BERKELEY (CBS SF) — A University of California at Berkeley student with the measles rode on public transit and spent time on campus before diagnosed, Berkeley Public Health officials said Monday.
The student was diagnosed and placed into isolation on Aug. 29, but was probably contagious as early as Aug. 24, officials said.
During the infectious period before the rash appeared the student spent time on the UC campus and in the community. On Monday Aug. 24, the student took the AC Transit bus 25-A from campus at 3:30 p.m. and returned by the same bus at 5:30 p.m., officials said.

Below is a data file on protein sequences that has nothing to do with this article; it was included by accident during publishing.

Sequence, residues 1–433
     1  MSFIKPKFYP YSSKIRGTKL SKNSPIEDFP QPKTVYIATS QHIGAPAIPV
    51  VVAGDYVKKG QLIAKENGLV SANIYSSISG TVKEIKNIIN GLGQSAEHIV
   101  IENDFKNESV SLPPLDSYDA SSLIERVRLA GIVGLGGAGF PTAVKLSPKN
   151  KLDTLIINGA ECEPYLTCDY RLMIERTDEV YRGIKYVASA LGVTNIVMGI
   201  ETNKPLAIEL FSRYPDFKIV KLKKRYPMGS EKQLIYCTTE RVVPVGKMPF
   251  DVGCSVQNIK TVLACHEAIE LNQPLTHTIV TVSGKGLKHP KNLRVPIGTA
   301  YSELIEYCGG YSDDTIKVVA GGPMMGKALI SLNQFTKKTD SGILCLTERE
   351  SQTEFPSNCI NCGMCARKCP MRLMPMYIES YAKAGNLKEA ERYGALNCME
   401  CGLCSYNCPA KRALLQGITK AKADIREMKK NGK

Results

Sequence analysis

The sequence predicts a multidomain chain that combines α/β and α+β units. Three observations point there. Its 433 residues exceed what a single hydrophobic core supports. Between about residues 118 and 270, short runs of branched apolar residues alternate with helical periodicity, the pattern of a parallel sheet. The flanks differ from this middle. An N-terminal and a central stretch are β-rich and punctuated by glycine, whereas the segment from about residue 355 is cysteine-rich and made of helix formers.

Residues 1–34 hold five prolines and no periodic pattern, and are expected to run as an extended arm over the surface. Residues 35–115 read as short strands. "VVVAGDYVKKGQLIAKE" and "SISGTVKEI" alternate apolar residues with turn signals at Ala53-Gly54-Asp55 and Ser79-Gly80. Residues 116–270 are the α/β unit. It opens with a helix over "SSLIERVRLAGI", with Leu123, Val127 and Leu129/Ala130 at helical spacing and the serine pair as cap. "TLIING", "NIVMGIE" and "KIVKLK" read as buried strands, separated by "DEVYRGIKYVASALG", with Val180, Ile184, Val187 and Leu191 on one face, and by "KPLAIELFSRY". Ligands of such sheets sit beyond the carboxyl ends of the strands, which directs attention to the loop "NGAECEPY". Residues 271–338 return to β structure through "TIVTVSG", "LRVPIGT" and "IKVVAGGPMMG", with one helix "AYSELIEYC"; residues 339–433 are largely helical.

City and state health officials are working with the university to identify those living and working in close contact with the affected student.
The measles virus is highly contagious and can linger in the air for up to two hours, so residents could have been exposed in a number of places, officials said.
Symptoms develop anywhere from seven to 21 days after exposure and include fever and a facial rash.
Those at highest risk from measles are the unvaccinated, infants, pregnant women and those with impaired immunity. Those who have had the recommended two doses of the MMR vaccine are at very low risk, officials said.
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